Captain John Watson woke up with his pillow in a stranglehold.

A moment before, he had been certain that it was an enemy combatant. Certain.

He lay back, a sheen of sweat the only evidence now of the struggle he had just been engaged in. It had been long enough since he came back from Afghanistan – the nightmares should have stopped. The pain in his leg, and the cane that came with it, were reminders enough. He didn't need this constant nighttime warfare, as though he hadn't been set home.

He knew of soldiers that had flashbacks to certain points of real memory. Flashes of light, earsplitting booming, blood running in the streets, the shouts of battle. He had seen those things in his own tour, but those were not the things he dreamt of. He couldn't even admit to his therapist that he woke covered in sweat, panicked and almost frightened, not because of the memories, but because of how primed he was for them. How he invited them at night by trying to recall every detail of his life in Afghanistan. He didn't think there was a term for this. They had written PTSD on his chart, as though that could classify the type of sickness he had. The strange comfort he took in how well-trained he was for battle. He was a doctor; he was supposed to heal the wounded. But he was also a crack shot. He could cause the wound.

His clock radiated red to inform him that it was far too early for a civilian to be up. That might have been the reason that he got up, made his bed, and changed into clothes too professional for the nothingness that occupied his days. His limp made him difficult to hire in all but the most benign practices, and Harry's good graces couldn't last forever. He had to move out soon, before he drove her to drink again.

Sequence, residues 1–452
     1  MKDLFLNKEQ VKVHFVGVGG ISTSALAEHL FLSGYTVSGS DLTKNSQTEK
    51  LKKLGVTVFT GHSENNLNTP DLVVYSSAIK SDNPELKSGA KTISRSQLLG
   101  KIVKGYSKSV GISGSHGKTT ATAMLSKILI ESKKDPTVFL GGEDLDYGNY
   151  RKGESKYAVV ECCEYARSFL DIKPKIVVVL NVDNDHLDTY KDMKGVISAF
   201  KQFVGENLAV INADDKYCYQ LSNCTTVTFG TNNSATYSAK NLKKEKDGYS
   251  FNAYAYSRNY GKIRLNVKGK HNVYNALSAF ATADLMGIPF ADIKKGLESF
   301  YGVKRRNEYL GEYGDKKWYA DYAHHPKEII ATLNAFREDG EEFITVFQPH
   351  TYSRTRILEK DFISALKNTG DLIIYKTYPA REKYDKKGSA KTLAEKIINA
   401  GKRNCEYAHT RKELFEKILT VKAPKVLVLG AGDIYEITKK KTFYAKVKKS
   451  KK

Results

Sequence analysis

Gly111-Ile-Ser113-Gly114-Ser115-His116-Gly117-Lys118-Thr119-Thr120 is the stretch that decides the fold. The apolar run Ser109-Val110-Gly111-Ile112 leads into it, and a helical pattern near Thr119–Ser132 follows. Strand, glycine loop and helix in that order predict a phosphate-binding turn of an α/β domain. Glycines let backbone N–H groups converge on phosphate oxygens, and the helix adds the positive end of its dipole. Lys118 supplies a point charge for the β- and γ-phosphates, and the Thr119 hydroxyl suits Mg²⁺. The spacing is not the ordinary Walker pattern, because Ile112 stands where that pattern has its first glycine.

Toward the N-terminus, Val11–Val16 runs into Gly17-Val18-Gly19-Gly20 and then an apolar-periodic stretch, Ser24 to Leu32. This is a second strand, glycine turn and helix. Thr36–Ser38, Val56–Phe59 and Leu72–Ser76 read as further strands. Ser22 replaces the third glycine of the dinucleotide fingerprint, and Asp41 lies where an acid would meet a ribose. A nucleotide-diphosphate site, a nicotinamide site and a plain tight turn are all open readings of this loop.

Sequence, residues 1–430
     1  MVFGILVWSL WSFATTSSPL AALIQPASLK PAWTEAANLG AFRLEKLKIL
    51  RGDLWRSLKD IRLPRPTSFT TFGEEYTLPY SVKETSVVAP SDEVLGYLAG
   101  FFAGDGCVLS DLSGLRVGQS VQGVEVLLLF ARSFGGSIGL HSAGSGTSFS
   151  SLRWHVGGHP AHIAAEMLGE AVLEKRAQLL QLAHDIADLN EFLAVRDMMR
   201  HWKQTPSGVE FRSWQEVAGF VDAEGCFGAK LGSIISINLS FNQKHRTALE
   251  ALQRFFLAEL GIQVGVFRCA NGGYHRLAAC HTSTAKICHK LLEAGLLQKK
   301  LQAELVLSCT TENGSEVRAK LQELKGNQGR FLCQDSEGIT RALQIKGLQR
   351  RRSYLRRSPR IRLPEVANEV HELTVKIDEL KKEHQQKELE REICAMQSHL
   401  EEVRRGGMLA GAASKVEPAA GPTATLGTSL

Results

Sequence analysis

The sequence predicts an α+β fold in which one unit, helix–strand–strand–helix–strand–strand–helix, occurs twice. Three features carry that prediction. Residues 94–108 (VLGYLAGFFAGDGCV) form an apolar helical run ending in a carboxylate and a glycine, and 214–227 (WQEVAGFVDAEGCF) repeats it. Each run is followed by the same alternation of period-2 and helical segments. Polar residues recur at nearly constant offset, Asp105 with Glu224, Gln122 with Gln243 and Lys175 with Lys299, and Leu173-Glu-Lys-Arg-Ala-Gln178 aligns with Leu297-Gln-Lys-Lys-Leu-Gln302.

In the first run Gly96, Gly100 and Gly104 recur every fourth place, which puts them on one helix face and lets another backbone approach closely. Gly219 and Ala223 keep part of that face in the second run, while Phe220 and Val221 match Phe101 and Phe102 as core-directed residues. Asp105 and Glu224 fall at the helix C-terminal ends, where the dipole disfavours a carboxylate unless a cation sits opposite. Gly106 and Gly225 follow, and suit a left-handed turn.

Dr. John Watson needed to continue on with his life, however that was supposed to work. He flinched as the pain in his leg started for the day. It was a few minutes more delayed than usual – maybe it was healing. The army doctors couldn't find anything wrong with the leg, and his therapist whispered when she thought he couldn't hear that it was likely psychosomatic. If there was one thing that John Watson was sure of, however, it was that he was not crazy. Sick and twisted maybe, but the world came through in painful clarity.

He picked up his cane. He was too young for this. He had just barely finished his residency at St. Bartholomew's when he'd been called up. Combat medicine was a different kind of residency, the sort of medicine that was a stopgap until they could get them back to base, where the more experienced surgeons put their hands on saving limbs and clotting off bleeding veins. A colonel of his has once commented that he was too good in the field to reserve for the surgery.

Capt. John Watson unconsciously tucked his sidearm into place, hidden beneath the fall jacket he wore. He moved slowly down the stairs, not quite ready to face London, but knowing there was nowhere else for him to be. London called to him in some way that he hadn't yet identified. Harry told him to move to the country, be a proper country doctor, and take a load off. John could not picture himself living a life of quiet ease. There were still pillows being strangled in London.

He was supposed to meet this Sherlock Holmes at a flat on Baker Street. It was the second floor, and his leg was already bothering him. It was probably a bad idea. He would look at the flat, politely beg off, and look for a place on his own. That would be the proper thing to do. He picked up the phone that he wasn't quite used to and decided to take the long way. The doctors were all saying to use his leg, and he could use the walk through the city.

That night, as he was packing up his few belongings, he almost laughed at the way that Sherlock had read him. It had been impressive when he had detailed his service, his limp, and his phone. It had been near miraculous when he had cured him just by running. He packed his cane in one suitcase – just in case – then clicked it shut.